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  15. David P. Schmitt (2005). Sociosexuality From Argentina to Zimbabwe: A 48-Nation Study of Sex, Culture, and Strategies of Human Mating. Behavioral and Brain Sciences 28 (2):247-275.score: 263.0
    The Sociosexual Orientation Inventory (SOI; Simpson & Gangestad 1991) is a self-report measure of individual differences in human mating strategies. Low SOI scores signify that a person is sociosexually restricted, or follows a more monogamous mating strategy. High SOI scores indicate that an individual is unrestricted, or has a more promiscuous mating strategy. As part of the International Sexuality Description Project (ISDP), the SOI was translated from English into 25 additional languages and administered to a total sample of (...)
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  16. Jeroen G. W. Raaijmakers & Richard M. Shiffrin (2003). Models Versus Descriptions: Real Differences and Language Differences. Behavioral and Brain Sciences 26 (6):753-753.score: 258.0
    We argue that an approach that treats short-term memory as activated long-term memory is not inherently in conflict with information recycling in a limited-capacity or working-memory store, or with long-term storage based on the processing in such a store. Language differences aside, real model differences can only be assessed when the contrasting models are formulated precisely.
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  17. Jochen Laubrock & Sven Hohenstein (2012). Orthographic Consistency and Parafoveal Preview Benefit: A Resource-Sharing Account of Language Differences in Processing of Phonological and Semantic Codes. Behavioral and Brain Sciences 1 (1):30-31.score: 258.0
    Parafoveal preview benefit (PB) is an implicit measure of lexical activation in reading. PB has been demonstrated for orthographic and phonological but not for semantically related information in English. In contrast, semantic PB is obtained in German and Chinese. We propose that these language differences reveal differential resource demands and timing of phonological and semantic decoding in different orthographic systems.
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  18. Jeffrey Heinz & William Idsardi (2013). What Complexity Differences Reveal About Domains in Language. Topics in Cognitive Science 5 (1):111-131.score: 250.0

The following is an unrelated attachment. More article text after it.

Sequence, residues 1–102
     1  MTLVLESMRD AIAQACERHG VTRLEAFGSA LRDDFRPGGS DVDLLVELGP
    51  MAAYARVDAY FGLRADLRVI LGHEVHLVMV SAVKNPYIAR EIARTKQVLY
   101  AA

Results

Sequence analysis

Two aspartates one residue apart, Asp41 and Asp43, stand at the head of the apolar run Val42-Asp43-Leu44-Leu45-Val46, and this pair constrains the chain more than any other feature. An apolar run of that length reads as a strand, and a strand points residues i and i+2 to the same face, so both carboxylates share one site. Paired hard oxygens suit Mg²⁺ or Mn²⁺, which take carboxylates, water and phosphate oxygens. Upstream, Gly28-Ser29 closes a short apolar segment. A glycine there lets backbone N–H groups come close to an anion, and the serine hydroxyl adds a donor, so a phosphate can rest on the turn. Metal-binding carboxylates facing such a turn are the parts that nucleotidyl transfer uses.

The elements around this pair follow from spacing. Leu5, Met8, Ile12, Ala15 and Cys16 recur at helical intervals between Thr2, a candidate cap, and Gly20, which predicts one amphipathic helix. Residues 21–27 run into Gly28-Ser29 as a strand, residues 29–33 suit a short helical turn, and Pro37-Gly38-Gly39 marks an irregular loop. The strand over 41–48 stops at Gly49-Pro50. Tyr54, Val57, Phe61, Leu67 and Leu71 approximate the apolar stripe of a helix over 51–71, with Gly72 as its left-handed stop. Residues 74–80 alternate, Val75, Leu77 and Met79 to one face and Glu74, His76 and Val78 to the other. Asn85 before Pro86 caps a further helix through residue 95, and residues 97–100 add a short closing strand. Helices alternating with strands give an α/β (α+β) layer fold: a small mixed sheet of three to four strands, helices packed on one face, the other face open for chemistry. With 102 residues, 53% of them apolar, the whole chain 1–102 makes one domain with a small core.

An important distinction between phonology and syntax has been overlooked. All phonological patterns belong to the regular region of the Chomsky Hierarchy, but not all syntactic patterns do. We argue that the hypothesis that humans employ distinct learning mechanisms for phonology and syntax currently offers the best explanation for this difference.
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  19. Robin I. M. Dunbar, Anna Marriott & Neil D. C. Duncan (1997). Human Conversational Behavior. Human Nature 8 (3):231-246.score: 246.0
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  20. Xinli Wang (2003). Presuppositional Languages and the Failure of Cross-Language Understanding. Dialogue 42 (01):53-77.score: 239.0
    Why is mutual understanding between two substantially different comprehensive language communities often problematic and even unattainable? To answer this question, the author first introduces a notion of presuppositional languages. Based on the semantic structure of a presuppositional language, the author identifies a significant condition necessary for effective understanding of a language: the interpreter is able to effectively understand a language only if he/she is able to recognize and comprehend its metaphysical presuppositions. The essential role of (...)
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  21. David William Green (2011). Language Control in Different Contexts: The Behavioral Ecology of Bilingual Speakers. Frontiers in Psychology 2.score: 239.0
    This paper proposes that different experimental contexts (single or dual language contexts) permit different neural loci at which words in the target language can be selected. However, in order to develop a fuller understanding of the neural circuit mediating language control we need to consider the community context in which bilingual speakers typically use their two languages (the behavioural ecology of bilingual speakers). The contrast between speakers from code-switching and non-code switching communities offers a way to (...)
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  22. Agnes Verbiest (1995). Woman and the Gift of Reason. Argumentation 9 (5):821-836.score: 238.0